So long, and thanks for all the tree lobsters
In September 2011, I joined Grist as its executive editor. It was an eventful time. President Obama was soon to make a momentous decision about the Keystone XL pipeline. Congress was beginning to wrestle with a new farm bill. The clock had basically run out for our species to act to stop global climate change.
It’s two and a half years later. Keystone? That decision still looms. Farm bill? We got that, finally, though it was touch and go. The climate? Still not looking good.
Despite the Groundhog-Day-ish nature of this apparently static reality — the Eternal Gloom of the Sustainable Mind — I have never felt a sense of futility as I’ve overseen Grist’s coverage. On the contrary, it’s been a blast. Laughing over the abyss is what we do here — even as we’re trying to picture the distance between the two sides accurately, and crossing our fingers that we’ll make it safely across.
At the end of next week, I’ll be leaving this editor’s job for personal reasons. I love Grist and will continue to do some part-time editing work; but the organization is based in Seattle, I’m based in the Bay Area, and it’s time for me to stop pretending that it’s possible to be in two places at once. Therefore, this brief stock-taking.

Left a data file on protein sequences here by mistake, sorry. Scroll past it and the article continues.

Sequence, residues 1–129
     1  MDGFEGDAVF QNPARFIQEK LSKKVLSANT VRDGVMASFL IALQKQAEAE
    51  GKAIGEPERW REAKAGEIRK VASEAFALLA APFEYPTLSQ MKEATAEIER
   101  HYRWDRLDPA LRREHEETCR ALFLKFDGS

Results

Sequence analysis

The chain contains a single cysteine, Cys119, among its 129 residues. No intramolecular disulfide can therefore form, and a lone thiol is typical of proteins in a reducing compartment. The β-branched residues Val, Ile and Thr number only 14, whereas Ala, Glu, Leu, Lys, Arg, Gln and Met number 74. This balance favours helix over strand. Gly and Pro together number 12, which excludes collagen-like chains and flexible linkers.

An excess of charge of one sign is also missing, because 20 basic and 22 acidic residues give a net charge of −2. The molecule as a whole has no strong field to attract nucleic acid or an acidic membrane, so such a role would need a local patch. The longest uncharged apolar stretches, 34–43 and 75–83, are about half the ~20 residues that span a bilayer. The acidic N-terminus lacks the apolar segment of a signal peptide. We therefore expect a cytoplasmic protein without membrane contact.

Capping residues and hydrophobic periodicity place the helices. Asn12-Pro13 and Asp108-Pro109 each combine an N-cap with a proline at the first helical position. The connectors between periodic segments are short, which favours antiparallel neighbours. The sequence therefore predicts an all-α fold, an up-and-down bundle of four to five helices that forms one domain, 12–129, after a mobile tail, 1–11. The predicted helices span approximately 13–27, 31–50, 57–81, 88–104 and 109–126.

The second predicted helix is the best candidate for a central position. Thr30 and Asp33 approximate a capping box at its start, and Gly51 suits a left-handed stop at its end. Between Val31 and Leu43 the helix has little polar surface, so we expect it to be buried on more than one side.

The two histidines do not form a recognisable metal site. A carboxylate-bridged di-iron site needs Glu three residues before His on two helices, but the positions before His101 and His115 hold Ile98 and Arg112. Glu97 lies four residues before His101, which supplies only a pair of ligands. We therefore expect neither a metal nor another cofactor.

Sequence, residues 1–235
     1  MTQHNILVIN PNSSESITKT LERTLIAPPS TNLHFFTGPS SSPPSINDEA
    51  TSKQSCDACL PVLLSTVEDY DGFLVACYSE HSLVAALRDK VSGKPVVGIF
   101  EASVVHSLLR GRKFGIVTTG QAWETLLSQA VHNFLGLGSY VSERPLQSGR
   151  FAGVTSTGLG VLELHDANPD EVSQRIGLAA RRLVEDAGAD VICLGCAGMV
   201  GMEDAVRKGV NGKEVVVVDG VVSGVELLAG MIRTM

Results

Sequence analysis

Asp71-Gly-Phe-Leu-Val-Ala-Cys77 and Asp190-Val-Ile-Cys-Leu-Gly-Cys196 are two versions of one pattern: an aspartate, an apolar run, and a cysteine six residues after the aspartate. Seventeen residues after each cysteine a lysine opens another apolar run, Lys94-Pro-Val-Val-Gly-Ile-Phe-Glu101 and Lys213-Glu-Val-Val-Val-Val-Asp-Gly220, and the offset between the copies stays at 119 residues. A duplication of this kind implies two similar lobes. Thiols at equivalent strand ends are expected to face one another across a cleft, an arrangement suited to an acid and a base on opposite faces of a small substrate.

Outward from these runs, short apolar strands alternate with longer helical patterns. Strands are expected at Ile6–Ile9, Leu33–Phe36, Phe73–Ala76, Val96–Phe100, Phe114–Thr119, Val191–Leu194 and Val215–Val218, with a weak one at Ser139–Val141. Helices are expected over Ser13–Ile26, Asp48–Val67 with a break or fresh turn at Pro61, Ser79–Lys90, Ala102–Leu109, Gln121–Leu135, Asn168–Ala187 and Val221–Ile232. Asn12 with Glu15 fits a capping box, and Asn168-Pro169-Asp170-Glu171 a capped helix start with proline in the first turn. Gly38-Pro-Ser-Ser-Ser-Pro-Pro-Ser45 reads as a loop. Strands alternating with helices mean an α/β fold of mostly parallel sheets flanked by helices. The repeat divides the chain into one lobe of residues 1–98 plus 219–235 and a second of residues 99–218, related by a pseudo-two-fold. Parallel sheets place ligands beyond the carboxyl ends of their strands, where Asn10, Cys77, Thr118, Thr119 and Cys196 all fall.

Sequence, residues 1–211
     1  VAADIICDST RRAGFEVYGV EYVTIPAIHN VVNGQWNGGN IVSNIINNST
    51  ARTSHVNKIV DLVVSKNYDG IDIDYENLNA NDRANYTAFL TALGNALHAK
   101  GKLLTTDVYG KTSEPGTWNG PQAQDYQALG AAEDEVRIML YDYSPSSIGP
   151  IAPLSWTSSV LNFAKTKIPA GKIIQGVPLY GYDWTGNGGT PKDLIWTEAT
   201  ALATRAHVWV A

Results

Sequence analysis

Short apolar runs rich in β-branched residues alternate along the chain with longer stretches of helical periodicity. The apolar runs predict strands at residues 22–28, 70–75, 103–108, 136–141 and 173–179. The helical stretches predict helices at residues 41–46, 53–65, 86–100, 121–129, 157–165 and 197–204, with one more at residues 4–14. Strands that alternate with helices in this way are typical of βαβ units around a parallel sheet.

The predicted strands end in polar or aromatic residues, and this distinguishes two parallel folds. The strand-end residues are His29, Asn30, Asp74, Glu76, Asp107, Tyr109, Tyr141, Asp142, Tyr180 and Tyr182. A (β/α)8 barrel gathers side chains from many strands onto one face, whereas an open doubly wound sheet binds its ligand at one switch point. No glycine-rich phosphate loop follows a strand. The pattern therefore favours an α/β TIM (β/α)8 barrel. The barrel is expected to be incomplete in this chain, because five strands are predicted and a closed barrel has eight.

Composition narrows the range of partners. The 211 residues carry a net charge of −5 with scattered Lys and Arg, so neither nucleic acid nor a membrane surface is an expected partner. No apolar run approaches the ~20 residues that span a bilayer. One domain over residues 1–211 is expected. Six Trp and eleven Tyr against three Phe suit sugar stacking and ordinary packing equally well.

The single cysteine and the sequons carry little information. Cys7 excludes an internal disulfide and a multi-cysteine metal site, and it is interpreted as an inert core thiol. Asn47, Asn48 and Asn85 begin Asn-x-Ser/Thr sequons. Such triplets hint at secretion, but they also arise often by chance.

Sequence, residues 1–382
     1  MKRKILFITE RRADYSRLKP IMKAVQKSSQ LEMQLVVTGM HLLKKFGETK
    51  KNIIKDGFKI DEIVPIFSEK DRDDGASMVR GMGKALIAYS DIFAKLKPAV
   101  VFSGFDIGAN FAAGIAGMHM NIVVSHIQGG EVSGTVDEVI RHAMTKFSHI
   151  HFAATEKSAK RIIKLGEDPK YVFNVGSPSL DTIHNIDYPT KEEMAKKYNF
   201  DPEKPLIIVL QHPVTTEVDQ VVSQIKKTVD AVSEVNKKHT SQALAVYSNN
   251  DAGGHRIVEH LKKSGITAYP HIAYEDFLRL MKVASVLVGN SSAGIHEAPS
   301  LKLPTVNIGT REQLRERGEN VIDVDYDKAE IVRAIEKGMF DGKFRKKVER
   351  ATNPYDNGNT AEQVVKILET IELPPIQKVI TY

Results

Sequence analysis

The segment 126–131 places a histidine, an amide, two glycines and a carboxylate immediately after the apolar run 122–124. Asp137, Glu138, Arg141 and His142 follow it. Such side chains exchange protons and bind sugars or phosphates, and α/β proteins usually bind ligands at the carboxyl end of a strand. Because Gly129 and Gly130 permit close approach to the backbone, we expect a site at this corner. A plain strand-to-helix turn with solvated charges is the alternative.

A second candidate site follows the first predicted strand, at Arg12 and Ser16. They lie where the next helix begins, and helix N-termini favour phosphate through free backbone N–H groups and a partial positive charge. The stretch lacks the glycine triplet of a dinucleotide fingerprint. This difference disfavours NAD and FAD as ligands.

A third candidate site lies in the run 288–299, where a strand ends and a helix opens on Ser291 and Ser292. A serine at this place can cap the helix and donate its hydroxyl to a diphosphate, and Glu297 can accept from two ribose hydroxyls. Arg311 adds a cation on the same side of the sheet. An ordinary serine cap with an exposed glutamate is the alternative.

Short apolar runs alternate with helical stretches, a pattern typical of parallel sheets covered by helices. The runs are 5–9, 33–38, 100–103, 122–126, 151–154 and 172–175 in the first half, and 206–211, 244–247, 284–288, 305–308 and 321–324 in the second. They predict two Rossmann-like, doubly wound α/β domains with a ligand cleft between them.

To be sure, some things did happen in the course of these past two-and-a-half years. And I’m not just talking about the stuff that happened at Grist, where we more than doubled our monthly traffic, performed acts of ground-breaking journalism, and discovered that the internet <3 crazy living rocks and giant tree lobsters.
For one thing, we had an election — remember? This was the one where the side that pretended there is no climate crisis at all lost to the side that admits there’s a crisis but can’t summon the will to respond to it.
Yet, even while the U.S. political system remains shamefully paralyzed, change happens anyway. We’re seeing a vast transformation of cultural values that, over the next couple of decades, will rewrite the way we think about the human environment.
Grist aims to make green second nature. And it feels like we’re making some headway, because that is exactly what is unfolding all around us: Ideas that were once tagged “environmentalist” are being widely embraced as simple common sense. This outcome, I think, is as inevitable as those we’re seeing with other principled causes, like same-sex marriage and immigration reform.
Can this really be happening? Will enough of it happen in time to prevent irreversible climate catastrophe? And will the giant tree lobster live to hatch again?
Stay tuned! And thanks for reading. Starting next month, I’ll be over here if you need anything.
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